by Sam at Management 3.0
Work can be hard enough and the last thing we need to add to our already stressful lives is an atmosphere of moral harassment.
But before we dive into how to combat this, let’s first define what exactly moral harassment is. According to an article about this topic by Knowledge21, an example could be a remark made by a manager such as:
- “This is so easy, even you can do it!”
- “If you get this wrong, I won’t be able to trust you.”
- “You are nobody here.”
While these comments might sound over the top, they have been heard at work. It’s likely while reading this you remember a time someone said something similar to you or know of a colleague who underwent a type of emotional abuse. Listening to things like this could devastate not only morale, but self-confidence, engagement at work and squash any desire to want to do a good job.
As the Knowledge21 article points out, it’s scary to see what systematically happens in an environment when this occurs. It can make us question our worth, our credibility, our value and our overall identity and purpose.
So what can we do?
Traditionally, when employees experience moral harassment at work they rely on a mix of strategies including but not limited to:
- Documenting the behaviour
- Letting the bully know their actions weren’t right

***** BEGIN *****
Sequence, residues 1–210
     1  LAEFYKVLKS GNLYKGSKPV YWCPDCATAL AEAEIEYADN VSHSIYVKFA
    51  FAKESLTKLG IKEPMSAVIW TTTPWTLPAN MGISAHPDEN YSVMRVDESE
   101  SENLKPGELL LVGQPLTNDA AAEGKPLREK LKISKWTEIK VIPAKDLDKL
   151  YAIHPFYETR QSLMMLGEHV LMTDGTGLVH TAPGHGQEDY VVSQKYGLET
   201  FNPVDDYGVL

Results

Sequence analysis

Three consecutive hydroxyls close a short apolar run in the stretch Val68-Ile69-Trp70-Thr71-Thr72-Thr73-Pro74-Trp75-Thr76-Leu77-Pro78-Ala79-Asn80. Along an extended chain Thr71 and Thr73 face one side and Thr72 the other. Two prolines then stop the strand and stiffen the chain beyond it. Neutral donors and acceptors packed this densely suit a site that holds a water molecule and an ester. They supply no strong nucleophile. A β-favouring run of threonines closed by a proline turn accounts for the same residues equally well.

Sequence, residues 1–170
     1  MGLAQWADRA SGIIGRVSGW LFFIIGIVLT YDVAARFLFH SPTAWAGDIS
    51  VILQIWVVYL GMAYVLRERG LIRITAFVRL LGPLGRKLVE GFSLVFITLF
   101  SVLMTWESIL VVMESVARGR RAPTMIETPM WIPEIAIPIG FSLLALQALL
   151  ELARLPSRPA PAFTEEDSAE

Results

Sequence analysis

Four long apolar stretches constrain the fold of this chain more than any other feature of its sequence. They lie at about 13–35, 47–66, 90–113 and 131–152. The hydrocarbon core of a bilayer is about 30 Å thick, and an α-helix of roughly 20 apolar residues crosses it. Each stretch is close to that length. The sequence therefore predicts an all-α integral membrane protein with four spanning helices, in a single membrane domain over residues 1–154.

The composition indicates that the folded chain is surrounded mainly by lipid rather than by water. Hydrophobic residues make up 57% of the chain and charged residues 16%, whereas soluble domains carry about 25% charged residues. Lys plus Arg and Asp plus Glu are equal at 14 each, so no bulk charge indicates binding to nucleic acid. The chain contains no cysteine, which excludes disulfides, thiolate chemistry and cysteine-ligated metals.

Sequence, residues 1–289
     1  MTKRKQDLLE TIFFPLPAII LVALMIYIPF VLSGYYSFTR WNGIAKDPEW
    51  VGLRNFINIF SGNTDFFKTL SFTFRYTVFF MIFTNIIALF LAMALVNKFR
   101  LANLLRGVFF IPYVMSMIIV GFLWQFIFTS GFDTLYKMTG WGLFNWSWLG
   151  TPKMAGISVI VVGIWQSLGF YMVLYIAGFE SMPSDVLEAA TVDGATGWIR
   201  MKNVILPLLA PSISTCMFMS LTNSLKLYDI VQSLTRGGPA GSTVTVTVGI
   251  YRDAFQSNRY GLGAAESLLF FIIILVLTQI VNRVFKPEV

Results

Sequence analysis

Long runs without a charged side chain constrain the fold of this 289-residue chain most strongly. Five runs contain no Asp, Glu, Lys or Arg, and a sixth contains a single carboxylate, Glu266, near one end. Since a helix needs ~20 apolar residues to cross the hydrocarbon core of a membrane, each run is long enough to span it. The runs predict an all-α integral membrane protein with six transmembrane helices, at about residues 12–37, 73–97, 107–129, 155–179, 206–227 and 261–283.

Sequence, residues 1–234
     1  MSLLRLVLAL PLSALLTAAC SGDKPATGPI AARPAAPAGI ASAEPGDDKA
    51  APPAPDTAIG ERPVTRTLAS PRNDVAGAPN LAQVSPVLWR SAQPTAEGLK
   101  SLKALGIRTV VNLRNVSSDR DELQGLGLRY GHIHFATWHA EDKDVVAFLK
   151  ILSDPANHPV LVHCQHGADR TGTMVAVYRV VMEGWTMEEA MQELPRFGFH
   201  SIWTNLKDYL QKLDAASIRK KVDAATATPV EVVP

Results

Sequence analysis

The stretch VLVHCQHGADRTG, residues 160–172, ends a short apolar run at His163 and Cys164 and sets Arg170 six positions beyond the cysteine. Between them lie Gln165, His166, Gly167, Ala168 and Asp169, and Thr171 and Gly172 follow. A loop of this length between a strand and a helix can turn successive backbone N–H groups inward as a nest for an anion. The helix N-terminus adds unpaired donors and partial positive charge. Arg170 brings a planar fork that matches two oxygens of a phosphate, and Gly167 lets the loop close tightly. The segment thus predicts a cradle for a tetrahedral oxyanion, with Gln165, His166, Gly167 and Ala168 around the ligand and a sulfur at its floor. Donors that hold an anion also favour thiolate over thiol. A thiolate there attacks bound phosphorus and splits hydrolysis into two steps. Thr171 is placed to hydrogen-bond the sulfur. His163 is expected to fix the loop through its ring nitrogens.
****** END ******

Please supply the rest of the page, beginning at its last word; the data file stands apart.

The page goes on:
- Reporting the misconduct
- Referring to company policy guidelines
These tactics are all useful, but don’t always get to the heart of the problem.
This is Where Agility Comes In
According to Knowledge21, when companies adopt an agile mindset, it removes (largely) the possibility for moral harassment. Agility creates a culture of innovation, specifically when adopted by HR because its values and culture are rooted in the Agile Manifesto.
For example, one of the basic concepts in agility is that happiness is of the utmost importance, more so than turning a profit. It’s hard to deliver value if the people on your team aren’t happy, engaged and motivated.
So a company that embodies culture fit and employee morale will do whatever it takes to keep people satisfied at work and usually not tolerate any type of moral decay.
Agility embraces innovation and delivering value and when we take this on board it reduces the possibility of creating negative workspaces.
One of the best ways to learn how to foster an agile environment at work is through tools and practices.
As the Knowledge21 article rightly points out:
Exercises and games such as the Delegation Board, Moving Motivators, Meddlers and other games are great for adopting new ways of working that encourage a positive work culture. These games help foster less of a top down environment, which in turn creates a more fluid, enticing and fun place to work, one that’s less conducive to moral harassment. By adopting the agile culture, particularly within HR, companies are less likely to experience moral decay.
Have you experienced moral harassment in the workplace? tell us about it in the comments section of this article.